One of the arguments advanced to justify Israel’s recent peace overtures to Syria was that a security guarantee might empower Damascus to sever its close ties to Tehran. Yesterday’s announcement of a new Syrian-Iranian defense cooperation pact, though, should put that one to rest. Some people will point to this as proof that a peace deal with Syria is unrealistic. What’s unrealistic, though, is the idea that we will somehow isolate Iran through a policy of containment that neither Iran’s allies, nor some of our own, have an interest in pursuing. At some point, it would be useful to realign the regional role we’re willing to grant Iran with something that more closely resembles reality. Not only would it make our own policy goals more achievable, it might even provide an incentive for Iran to become a more responsible influence.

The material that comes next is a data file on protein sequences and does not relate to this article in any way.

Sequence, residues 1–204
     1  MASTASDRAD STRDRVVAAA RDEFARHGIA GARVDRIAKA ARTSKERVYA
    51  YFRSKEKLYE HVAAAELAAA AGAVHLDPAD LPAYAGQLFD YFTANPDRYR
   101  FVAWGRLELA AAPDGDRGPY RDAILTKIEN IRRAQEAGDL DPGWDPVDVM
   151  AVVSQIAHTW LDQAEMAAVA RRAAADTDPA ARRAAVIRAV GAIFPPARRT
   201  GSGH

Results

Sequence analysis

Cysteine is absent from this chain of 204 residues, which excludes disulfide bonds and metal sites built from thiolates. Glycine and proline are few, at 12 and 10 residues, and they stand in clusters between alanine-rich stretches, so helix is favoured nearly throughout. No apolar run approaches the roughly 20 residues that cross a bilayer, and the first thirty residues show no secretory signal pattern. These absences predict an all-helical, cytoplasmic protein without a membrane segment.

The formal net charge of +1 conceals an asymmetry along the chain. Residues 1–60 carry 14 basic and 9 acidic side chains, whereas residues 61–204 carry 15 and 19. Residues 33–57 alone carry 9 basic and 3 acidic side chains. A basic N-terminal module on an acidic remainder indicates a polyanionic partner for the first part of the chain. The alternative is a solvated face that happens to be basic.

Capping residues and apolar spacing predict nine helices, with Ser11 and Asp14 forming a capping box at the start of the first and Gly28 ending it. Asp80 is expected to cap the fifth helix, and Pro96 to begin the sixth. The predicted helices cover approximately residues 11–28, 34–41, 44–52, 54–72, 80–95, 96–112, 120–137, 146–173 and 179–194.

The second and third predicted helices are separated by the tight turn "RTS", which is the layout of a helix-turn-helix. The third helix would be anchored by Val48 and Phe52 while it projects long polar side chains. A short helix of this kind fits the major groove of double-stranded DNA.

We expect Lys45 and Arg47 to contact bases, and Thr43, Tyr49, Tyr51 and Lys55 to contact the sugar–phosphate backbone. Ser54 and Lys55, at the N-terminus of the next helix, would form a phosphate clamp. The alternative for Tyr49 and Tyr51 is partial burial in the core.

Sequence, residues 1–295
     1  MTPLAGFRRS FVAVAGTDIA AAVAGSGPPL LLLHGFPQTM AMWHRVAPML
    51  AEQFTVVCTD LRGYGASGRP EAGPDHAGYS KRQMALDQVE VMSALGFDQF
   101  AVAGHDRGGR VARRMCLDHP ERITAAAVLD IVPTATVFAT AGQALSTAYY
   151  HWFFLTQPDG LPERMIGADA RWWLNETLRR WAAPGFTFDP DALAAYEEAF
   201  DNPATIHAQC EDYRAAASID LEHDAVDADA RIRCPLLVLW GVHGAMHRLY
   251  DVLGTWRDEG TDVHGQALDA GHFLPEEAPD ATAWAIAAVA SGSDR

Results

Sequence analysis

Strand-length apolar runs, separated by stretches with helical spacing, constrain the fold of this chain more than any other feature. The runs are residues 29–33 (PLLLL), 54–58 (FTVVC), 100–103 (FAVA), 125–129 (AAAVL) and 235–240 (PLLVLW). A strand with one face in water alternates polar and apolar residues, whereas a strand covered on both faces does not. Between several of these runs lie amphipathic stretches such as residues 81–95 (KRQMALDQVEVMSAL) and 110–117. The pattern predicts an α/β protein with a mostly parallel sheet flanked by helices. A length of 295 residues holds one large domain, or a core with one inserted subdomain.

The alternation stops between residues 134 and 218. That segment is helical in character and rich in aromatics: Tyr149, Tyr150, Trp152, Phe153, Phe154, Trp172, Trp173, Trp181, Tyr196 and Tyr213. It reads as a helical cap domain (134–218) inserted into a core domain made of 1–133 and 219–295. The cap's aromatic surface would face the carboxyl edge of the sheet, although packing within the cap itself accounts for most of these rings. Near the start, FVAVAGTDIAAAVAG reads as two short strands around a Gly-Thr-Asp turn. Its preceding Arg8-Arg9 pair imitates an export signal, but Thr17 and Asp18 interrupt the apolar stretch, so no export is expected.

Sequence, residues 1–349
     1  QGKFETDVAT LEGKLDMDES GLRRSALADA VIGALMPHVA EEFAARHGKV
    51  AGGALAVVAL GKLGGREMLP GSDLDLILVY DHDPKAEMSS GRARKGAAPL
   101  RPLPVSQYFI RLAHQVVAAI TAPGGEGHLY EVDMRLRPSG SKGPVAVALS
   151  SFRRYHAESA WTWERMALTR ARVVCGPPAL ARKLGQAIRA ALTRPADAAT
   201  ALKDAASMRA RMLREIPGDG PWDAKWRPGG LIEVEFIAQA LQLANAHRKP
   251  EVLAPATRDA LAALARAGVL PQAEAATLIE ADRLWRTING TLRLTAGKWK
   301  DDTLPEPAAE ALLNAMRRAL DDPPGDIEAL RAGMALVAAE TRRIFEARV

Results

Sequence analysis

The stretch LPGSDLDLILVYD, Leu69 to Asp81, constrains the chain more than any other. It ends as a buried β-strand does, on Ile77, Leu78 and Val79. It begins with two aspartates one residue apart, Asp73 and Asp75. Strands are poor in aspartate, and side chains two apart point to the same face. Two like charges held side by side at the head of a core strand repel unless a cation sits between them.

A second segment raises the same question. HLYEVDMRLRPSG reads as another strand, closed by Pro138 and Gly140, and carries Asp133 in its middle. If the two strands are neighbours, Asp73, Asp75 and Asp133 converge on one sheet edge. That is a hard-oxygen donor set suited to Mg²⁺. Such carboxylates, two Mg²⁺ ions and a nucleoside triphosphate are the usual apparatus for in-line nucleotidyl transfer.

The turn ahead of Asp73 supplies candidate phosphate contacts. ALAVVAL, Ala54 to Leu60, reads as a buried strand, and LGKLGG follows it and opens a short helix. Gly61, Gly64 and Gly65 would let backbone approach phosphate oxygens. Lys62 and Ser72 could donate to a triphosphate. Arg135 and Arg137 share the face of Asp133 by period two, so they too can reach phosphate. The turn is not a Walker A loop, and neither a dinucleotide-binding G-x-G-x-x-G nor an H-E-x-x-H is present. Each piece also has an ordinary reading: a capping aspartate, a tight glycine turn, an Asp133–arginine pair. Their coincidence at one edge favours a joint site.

Update: Just after posting this, I ran across this Asia Times Online article about what the Israel peace track represents to Syria. It’s worth a read, if only for the way it clarifies the many differences between Syrian and Iranian regional objectives. They might be friends and allies, but the pursuit of peace with Israel demonstrates that Syria is far from automatically aligned with Iran.